Michigan Student Assembly President Abhishek Mahanti said the assembly’s current practice of nominating and appointing representatives to the Department of Public Safety Oversight Committee will soon be dropped.
The move comes a little more than a week after independent lawyers quoted in a Michigan Daily article called into question the legality of the nomination process.
Mahanti said the assembly will create a resolution in the coming weeks to revise the MSA Compiled Code, which will add an election each semester for student representatives to the Oversight Committee.
“We, as an executive board, realize our mistake in not taking a closer look at this Oversight Committee issue,” Mahanti wrote in an e-mail interview. “We’ve been proactive in using this opportunity to learn from our mistake in regards to our relationship with General Counsel and to re-prioritize and strengthen our Campus Safety Commission.”
Officials from MSA have come under fire lately on two fronts with regard to the DPS Oversight Committee — a body that was formed in 1992 to meet state law and act as a check on DPS, which was established that same year.
First, an article published in the Nov. 16 edition of the Daily outlined MSA’s election process for student representatives to the committee — a process that independent lawyers said may violate state law.
Then it came to light that MSA officials had refused to meet with a University professor who was concerned about the legality of election processes used to select students, faculty and staff to serve on the committee. MSA officials defended themselves by saying they opted not to meet with Prof. Douglas Smith after consulting with the University’s Office of General Counsel, which advised not to talk to him.
After learning about the situation at a Nov. 17 MSA meeting, MSA Public Health Rep. Hamdan Yousuf cautioned MSA’s executive board from “becoming just an arm of the administration,” according to a Nov. 18 Daily article.
The main concerns about the DPS Oversight Committee involve the election processes used to select representatives to serve on the body, which is comprised of two faculty, two staff and two student representatives. Those representatives then make recommendations regarding grievances filed against the campus police.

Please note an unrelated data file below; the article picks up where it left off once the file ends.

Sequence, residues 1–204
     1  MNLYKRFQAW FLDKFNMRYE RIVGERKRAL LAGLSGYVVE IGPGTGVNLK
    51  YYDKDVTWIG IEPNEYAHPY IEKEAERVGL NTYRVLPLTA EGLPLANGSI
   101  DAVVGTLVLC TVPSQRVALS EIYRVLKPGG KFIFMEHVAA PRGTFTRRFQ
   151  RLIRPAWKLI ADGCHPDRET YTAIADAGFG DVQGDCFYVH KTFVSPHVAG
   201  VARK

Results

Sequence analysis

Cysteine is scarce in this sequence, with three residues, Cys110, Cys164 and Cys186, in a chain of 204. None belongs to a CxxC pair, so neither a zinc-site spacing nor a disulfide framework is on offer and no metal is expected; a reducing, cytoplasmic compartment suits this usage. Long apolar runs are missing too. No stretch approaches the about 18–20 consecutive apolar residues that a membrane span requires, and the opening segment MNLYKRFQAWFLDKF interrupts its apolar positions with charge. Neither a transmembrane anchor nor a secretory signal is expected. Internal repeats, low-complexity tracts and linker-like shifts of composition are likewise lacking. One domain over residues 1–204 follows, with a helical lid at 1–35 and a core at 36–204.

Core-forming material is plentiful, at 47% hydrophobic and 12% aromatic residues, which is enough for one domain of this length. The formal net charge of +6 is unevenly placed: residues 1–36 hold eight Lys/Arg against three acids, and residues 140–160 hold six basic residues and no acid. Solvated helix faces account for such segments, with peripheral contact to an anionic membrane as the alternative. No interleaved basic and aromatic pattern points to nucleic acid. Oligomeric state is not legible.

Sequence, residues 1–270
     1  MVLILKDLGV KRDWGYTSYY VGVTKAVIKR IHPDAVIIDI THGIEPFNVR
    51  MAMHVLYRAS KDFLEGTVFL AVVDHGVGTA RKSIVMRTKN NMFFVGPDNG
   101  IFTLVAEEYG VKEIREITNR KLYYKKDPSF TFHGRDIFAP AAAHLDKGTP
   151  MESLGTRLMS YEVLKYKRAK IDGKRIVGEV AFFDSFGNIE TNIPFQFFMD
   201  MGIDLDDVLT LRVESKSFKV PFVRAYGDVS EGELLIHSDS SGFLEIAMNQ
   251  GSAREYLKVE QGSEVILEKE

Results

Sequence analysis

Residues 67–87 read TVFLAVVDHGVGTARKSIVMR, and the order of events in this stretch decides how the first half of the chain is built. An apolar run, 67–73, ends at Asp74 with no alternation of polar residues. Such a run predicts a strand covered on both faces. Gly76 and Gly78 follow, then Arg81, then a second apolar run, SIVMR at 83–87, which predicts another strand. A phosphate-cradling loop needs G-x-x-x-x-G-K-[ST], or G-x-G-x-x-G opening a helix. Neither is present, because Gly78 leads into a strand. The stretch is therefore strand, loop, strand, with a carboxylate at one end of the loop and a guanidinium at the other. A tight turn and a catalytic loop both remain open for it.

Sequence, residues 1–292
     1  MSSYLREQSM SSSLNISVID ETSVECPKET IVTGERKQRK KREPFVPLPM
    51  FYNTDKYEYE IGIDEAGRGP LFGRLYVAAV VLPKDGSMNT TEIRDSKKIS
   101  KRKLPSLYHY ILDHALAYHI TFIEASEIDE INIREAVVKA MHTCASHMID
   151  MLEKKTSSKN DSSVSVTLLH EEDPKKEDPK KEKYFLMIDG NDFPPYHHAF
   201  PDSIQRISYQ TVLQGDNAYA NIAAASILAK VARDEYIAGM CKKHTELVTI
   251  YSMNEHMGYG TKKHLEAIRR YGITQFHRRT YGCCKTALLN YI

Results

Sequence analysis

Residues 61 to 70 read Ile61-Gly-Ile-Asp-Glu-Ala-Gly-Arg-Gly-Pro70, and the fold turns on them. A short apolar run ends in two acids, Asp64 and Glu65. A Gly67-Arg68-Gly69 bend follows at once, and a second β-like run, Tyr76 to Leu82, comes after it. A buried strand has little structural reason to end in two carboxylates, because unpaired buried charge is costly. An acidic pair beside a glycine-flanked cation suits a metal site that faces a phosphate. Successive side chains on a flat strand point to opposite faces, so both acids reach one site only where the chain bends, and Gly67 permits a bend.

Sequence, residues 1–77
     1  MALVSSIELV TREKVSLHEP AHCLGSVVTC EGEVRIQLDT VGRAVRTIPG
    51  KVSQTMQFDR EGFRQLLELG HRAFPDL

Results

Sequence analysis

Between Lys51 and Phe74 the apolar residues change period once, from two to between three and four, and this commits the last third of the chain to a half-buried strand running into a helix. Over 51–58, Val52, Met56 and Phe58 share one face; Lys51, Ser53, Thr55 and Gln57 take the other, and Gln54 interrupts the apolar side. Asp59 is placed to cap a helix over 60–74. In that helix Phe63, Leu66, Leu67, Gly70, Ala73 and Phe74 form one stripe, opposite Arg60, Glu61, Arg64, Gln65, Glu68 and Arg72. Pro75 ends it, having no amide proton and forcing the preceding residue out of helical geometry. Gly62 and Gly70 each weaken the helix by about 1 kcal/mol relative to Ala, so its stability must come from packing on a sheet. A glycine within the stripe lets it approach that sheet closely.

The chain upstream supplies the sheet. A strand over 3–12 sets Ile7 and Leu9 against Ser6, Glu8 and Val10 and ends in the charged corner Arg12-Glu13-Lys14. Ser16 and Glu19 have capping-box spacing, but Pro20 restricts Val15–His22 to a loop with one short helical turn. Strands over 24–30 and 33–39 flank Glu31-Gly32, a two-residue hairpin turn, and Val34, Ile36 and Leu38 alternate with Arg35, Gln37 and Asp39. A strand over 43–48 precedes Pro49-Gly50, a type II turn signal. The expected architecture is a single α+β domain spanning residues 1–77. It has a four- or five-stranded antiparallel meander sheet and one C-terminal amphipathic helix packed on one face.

But widespread negligence of internal bylaws and state laws today has recently raised concerns over how effectively the body can handle that responsibility.
Though a Michigan statute states that student representatives to the DPS Oversight Committee must be “nominated and elected” by the student body, MSA has, in recent years, appointed student representatives to fill the positions without a student-wide election.
In an MSA meeting Nov. 3, the assembly voted to approve two new student representatives to the committee: LSA junior Hemant Chaparala and Engineering sophomore Prithvi Murthy.
In a special report earlier this month, the Daily quoted several lawyers who said that nomination process appears to violate Michigan’s Public Act 120 of 1990, which states, “The committee shall be comprised of individuals nominated and elected by the faculty, students, and staff of the institution.”
While a nomination process is used today, interviews with former MSA officials from the last two decades reveal that MSA used to put DPS Oversight Committee candidates on ballots in student body-wide MSA elections.
According to the DPS Oversight Committee’s bylaws, students, faculty and staff members all have the right to vote for their own representative. But sometime in 2000, that right was waived for students when MSA began appointing representatives to the committee — dropping the student-wide election process.
University alum Brian Kight served as an MSA representative from 1990 to 1994. When the DPS Oversight Committee was formed in 1992, Kight wrote a supplemental document to the MSA election code that explained the procedures for electing students to the committee.
The document stated that two student representatives and one alternative would be elected to the committee in a student body-wide election. The alternate was to fill any vacancies that might occur throughout the year, and the candidates would be placed on the MSA winter election ballot.
Kight — who was chair of the MSA Rules and Elections Committee at the time — said MSA created the supplement to make sure student representatives on the committee would in fact be elected by the students, and not appointed by the administration.
“We were worried that the University administration would hold its own elections independent of MSA, and we were worried that that would set a bad precedent that student government would lose its autonomy if that happened,” Kight said.
Kight also explained that MSA and student groups protested against the deputization of campus police officers because they were concerned officers carrying guns could potentially shoot students.
Despite the controversy, the University Board of Regents voted to approve the formation of DPS in a restricted access meeting where protesters could not disrupt proceedings.